2019-20 Part E: Programming to Improve
Achievement and Integration
The purpose of Achievement and integration Minnesota (AIM) is to pursue racial and economic integration and to increase academic achievement, create equitable educational opportunities, and reduce academic disparities based on students’ racial, ethnic and economic backgrounds. The proposed integration plan and budget must benefit students in ways that do not supplant existing obligations of the district.
The purpose of the Achievement and Integration Plan is to help the District to accomplish the following goals:
- Eliminate racial achievement disparities in the District that exist between white students, and students included in the following subgroups: American Indian/Alaskan Native, Asian/Pacific Islander, Hispanic, Black, and free and reduced lunch recipients
- Increase racial and economic integration within schools, programs and between districts.
- Increase Family /Parent engagement among underrepresented racial and ethnic groups that promote involvement in academic life and success of the student.
- Increase Integrated learning environments to prepare students to be effective citizens, enhance social cohesion and increase cultural fluency, competency, and interaction.
- Support professional development designed to increase educators’ knowledge and skills in innovative, research-based culturally relevant instruction and assessment to eliminate racial achievement disparities and improve student achievement for MDE- identified Students of Color groups.
- Increase access and provide support to ensure underserved student groups have equitable access to rigorous career and college readiness programs.
The American Indian Education plan and aid is completely supplemental and is specifically designated for approved activities that support American Indian education programs. Funding from this revenue source cannot be used to supplant current state and federal educational or co-curricular programs and funding of the district or school. The district’s American Indian Plan focuses on strategies to increase the proficiency of all American Indian students, as well as provide extension opportunities for career and college readiness.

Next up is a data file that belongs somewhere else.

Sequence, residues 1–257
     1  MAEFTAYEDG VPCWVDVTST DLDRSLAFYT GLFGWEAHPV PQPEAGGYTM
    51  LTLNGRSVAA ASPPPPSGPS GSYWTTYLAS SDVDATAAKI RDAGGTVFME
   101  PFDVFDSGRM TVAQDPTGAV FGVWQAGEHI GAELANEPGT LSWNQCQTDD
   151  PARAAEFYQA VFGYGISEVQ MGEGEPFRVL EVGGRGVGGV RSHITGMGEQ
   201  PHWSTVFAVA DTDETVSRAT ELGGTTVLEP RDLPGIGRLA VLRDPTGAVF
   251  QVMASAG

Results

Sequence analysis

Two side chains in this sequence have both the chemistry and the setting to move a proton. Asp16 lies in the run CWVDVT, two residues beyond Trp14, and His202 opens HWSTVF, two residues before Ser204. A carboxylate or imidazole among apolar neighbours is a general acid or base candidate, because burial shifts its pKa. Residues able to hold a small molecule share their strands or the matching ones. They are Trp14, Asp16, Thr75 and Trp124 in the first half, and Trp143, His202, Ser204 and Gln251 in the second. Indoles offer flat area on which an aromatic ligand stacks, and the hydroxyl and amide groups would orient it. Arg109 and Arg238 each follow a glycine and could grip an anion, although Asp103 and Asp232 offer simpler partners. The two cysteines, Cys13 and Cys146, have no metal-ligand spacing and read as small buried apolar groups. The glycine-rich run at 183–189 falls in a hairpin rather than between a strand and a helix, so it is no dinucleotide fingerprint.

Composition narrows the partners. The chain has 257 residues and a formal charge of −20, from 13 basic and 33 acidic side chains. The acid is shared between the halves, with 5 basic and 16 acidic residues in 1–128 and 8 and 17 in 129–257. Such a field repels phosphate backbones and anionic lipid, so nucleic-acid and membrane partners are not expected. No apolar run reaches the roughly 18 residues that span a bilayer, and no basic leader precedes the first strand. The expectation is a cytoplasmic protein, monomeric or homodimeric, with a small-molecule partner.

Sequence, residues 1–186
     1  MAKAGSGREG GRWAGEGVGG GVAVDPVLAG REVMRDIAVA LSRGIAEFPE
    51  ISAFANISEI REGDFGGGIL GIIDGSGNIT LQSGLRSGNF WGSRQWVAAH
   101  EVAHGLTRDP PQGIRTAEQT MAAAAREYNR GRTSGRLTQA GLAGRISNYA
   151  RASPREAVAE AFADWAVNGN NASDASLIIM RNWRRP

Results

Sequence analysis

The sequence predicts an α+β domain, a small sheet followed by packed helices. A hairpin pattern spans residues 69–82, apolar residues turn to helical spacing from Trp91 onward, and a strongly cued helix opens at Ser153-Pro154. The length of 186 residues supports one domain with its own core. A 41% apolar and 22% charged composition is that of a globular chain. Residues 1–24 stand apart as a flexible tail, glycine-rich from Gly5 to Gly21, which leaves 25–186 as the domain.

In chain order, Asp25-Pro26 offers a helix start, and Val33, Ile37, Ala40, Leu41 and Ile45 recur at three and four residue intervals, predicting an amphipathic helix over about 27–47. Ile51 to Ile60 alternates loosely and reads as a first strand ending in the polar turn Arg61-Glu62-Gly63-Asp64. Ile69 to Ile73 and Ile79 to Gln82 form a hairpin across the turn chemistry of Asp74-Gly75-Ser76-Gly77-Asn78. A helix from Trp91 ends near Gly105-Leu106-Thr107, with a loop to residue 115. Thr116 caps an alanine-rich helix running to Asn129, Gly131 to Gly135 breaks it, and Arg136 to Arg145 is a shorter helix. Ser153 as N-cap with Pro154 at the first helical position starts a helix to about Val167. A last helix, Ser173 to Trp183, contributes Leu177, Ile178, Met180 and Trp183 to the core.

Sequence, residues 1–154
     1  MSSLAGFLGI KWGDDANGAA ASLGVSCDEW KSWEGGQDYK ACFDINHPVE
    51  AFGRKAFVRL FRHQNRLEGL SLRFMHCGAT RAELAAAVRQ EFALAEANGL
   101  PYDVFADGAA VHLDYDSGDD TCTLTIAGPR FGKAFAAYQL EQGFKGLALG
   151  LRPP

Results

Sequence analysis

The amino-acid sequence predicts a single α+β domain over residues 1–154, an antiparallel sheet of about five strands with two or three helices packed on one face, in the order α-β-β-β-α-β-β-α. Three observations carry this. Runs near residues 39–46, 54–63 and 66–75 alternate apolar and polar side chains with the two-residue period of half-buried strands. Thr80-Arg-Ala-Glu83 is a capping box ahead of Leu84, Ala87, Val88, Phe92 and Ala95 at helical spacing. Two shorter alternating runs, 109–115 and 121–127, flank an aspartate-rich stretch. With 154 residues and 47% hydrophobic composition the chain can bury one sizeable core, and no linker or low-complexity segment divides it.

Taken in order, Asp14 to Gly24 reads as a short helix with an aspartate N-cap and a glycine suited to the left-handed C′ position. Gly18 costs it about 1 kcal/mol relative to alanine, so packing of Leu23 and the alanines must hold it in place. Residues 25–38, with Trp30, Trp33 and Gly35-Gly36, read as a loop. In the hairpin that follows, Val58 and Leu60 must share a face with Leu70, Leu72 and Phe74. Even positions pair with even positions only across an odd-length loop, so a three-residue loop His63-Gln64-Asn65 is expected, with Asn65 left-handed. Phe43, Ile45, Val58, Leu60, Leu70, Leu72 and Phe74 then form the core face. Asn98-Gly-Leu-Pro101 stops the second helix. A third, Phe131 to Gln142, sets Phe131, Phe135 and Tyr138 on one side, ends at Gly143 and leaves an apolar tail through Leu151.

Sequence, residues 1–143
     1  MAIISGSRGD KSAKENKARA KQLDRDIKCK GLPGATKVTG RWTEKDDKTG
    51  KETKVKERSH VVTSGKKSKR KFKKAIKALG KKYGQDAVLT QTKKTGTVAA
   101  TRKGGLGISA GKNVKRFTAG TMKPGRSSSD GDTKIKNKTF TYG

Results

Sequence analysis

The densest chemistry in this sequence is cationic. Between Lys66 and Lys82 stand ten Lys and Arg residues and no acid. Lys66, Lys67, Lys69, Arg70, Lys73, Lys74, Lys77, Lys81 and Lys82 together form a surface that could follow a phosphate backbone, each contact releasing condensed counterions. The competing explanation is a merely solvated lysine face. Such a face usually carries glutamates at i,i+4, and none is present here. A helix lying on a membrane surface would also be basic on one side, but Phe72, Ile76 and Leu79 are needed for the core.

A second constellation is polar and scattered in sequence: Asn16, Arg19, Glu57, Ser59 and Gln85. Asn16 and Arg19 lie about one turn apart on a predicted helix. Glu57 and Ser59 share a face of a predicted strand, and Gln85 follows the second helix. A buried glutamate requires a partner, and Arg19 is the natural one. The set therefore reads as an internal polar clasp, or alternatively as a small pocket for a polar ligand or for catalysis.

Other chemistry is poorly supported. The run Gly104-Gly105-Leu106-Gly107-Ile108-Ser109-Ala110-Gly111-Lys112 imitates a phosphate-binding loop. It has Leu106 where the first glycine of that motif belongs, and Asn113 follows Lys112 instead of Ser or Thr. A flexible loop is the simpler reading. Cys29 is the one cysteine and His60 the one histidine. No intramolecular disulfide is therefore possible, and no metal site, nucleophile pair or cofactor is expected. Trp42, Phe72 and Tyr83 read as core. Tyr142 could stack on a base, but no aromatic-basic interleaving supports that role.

Alternative Delivery of Specialized Instructional Services (ADSIS)
The purpose of ADSIS is to provide instruction to assist students who need additional academic or behavioral support to succeed in the general education environment. The goal is to reduce the number of referrals to special education by providing supports early to struggling students. The Lakeville Area Schools is approved for an Alternative Delivery of Specialized Instructional Services (ADSIS) project through the Minnesota Department of Education. This project allows Christina Huddleston Elementary School (CHE) and Oak Hills Elementary School (OHE) to offer early intervention reading instruction to students in grades K-3 and behavioral instruction to students in grades K-5 who are in need of extra support to meet and exceed grade level expectations. This project supports the following additional resources for both CHE and OHE:
- 4 full-time licensed teachers serving as reading interventionists
- 2 full-time licensed school counselors/psychologists serving as behavioral interventionists
- Scientifically-researched intervention materials for reading and behavioral supports
- 5 iPad Minis per school